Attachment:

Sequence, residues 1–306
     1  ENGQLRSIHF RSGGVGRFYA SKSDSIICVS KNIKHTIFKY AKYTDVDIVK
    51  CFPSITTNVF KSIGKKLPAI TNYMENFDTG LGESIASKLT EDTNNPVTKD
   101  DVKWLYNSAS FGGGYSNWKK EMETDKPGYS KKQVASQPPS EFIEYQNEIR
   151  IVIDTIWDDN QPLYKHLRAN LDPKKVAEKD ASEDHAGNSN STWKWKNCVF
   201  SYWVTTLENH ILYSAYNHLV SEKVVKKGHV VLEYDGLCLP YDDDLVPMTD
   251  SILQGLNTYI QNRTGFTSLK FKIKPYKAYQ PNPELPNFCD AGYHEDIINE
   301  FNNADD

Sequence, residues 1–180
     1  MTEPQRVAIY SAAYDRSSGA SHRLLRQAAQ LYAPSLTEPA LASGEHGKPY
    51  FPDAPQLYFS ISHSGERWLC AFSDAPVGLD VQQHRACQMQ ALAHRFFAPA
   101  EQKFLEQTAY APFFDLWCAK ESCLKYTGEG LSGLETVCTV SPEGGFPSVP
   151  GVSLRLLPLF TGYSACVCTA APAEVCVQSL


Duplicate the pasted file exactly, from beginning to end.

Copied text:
Sequence, residues 1–306
     1  ENGQLRSIHF RSGGVGRFYA SKSDSIICVS KNIKHTIFKY AKYTDVDIVK
    51  CFPSITTNVF KSIGKKLPAI TNYMENFDTG LGESIASKLT EDTNNPVTKD
   101  DVKWLYNSAS FGGGYSNWKK EMETDKPGYS KKQVASQPPS EFIEYQNEIR
   151  IVIDTIWDDN QPLYKHLRAN LDPKKVAEKD ASEDHAGNSN STWKWKNCVF
   201  SYWVTTLENH ILYSAYNHLV SEKVVKKGHV VLEYDGLCLP YDDDLVPMTD
   251  SILQGLNTYI QNRTGFTSLK FKIKPYKAYQ PNPELPNFCD AGYHEDIINE
   301  FNNADD

Sequence, residues 1–180
     1  MTEPQRVAIY SAAYDRSSGA SHRLLRQAAQ LYAPSLTEPA LASGEHGKPY
    51  FPDAPQLYFS ISHSGERWLC AFSDAPVGLD VQQHRACQMQ ALAHRFFAPA
   101  EQKFLEQTAY APFFDLWCAK ESCLKYTGEG LSGLETVCTV SPEGGFPSVP
   151  GVSLRLLPLF TGYSACVCTA APAEVCVQSL